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  12. In your defense of evolution you claim "that the evolution of life from a single cell has been accepted due to the abundance of evidence for it and the absence of evidence against it". This is correct. Scientists, however, use the term "evolution" more broadly. This is evident from the fact that they claim that it stands in opposition to the theory of intelligent design and obviates the need to posit the existence of a higher intelligence. To make this claim, it is necessary to assert not only that complex organisms evolved from simpler ones, but also that this occurred by purely by natural selection without any positive force moving them in the direction of higher organization. This theory has many difficulties the most serious being the apparent existence of irreducibly complex structures.

    A more serious objection is this: We all agree that there was a time when there was no life of any kind on this planet. To get from non-life to life scientists posit the notion of formation in the "primordial pools". This is no more than a wild conjecture with no scientific basis at all. Without this conjecture the theory of evolution is not at all opposed to intelligent design as it only answers the relatively easy question of how life moved from simpler to complex structures, and not the hard problem of how life emerged from completely inert objects. Scientists therefore disengenuously package their fairy tale of primordial pools under the heading of evolution. Given their broad definition of evolution, the statement "Evolution is not science" is obviously true.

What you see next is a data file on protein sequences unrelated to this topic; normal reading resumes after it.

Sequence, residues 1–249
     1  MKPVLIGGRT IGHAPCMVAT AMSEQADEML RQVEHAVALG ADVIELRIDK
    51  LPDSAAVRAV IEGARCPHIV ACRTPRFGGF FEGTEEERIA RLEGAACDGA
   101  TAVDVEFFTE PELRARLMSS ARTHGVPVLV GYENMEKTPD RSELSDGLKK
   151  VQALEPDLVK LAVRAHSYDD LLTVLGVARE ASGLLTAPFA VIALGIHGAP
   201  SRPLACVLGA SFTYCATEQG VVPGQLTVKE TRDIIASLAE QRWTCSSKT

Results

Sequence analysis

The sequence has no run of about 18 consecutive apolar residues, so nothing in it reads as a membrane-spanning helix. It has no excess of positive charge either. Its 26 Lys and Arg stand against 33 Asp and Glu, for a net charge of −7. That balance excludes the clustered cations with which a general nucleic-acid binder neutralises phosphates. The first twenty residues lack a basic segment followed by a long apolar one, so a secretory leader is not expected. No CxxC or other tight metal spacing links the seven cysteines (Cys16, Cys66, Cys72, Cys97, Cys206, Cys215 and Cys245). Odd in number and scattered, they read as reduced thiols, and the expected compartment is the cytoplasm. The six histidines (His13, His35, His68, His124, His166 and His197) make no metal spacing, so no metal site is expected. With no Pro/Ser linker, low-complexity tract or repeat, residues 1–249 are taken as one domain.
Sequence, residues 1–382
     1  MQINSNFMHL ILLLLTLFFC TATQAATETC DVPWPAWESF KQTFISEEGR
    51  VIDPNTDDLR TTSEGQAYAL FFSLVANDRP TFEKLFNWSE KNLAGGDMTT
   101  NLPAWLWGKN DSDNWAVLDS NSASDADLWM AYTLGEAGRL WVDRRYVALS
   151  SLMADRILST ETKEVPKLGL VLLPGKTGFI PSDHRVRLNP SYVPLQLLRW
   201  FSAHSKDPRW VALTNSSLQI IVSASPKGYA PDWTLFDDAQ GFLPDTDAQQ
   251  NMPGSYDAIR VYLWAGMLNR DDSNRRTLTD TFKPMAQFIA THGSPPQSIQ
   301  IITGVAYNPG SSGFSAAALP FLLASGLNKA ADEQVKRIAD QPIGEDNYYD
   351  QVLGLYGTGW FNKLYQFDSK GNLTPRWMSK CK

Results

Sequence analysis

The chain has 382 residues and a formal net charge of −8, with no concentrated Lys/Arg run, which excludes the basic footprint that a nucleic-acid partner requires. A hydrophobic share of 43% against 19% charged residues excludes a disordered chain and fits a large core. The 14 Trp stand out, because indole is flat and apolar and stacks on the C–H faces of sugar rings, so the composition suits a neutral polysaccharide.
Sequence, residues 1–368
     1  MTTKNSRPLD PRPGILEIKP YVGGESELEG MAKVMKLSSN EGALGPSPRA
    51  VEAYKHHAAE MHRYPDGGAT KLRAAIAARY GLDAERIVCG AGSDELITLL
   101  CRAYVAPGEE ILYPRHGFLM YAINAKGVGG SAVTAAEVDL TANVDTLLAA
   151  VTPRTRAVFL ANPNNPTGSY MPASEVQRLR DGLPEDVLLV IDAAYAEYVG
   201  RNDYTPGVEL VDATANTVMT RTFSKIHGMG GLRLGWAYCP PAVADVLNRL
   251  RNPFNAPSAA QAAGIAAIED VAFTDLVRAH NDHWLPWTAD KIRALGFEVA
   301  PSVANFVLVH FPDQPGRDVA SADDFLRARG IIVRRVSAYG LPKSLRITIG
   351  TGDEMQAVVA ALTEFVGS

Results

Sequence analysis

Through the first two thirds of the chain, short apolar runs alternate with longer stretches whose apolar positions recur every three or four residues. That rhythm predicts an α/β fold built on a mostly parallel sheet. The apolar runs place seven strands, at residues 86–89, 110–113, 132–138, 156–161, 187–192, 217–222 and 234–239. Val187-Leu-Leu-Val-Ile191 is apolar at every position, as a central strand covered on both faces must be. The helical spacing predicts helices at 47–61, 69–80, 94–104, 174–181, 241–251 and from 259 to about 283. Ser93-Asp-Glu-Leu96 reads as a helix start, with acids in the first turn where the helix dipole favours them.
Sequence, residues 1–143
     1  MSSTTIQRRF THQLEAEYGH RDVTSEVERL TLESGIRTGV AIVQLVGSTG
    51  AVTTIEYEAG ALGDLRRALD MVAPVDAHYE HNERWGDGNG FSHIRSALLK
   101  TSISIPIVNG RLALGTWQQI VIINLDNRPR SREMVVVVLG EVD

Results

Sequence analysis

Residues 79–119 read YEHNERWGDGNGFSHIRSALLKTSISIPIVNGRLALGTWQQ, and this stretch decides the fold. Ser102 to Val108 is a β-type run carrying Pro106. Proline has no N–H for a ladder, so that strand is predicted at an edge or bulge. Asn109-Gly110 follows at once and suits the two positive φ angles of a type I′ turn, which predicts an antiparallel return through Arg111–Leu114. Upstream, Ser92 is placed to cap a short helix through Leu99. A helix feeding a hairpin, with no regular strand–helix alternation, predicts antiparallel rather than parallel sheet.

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  13. In your defense of evolution you claim "that the evolution of life from a single cell has been accepted due to the abundance of evidence for it and the absence of evidence against it". This is correct. Scientists, however, use the term "evolution" more broadly. This is evident from the fact that they claim that it stands in opposition to the theory of intelligent design and obviates the need to posit the existence of a higher intelligence. To make this claim, it is necessary to assert not only that complex organisms evolved from simpler ones, but also that this occurred by purely by natural selection without any positive force moving them in the direction of higher organization. This theory has many difficulties the most serious being the apparent existence of irreducibly complex structures.

    A more serious objection is this: We all agree that there was a time when there was no life of any kind on this planet. To get from non-life to life scientists posit the notion of formation in the "primordial pools". This is no more than a wild conjecture with no scientific basis at all. Without this conjecture the theory of evolution is not at all opposed to intelligent design as it only answers the relatively easy question of how life moved from simpler to complex structures, and not the hard problem of how life emerged from completely inert objects. Scientists therefore disingenuously package their fairy tale of primordial pools under the heading of evolution. Given their broad definition of evolution, the statement "Evolution is not science" is obviously true.

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  14. Scientists, however, use the term "evolution" more broadly.

    That is true - however they freely admit that the other meanings are less well established. Furthermore, Rabbi Shafran specified that he was talking about “the evolution of all species from a single ancestor” i.e. not the other aspects you mentioned.

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  15. How ironic indeed. Your fourth point is so true.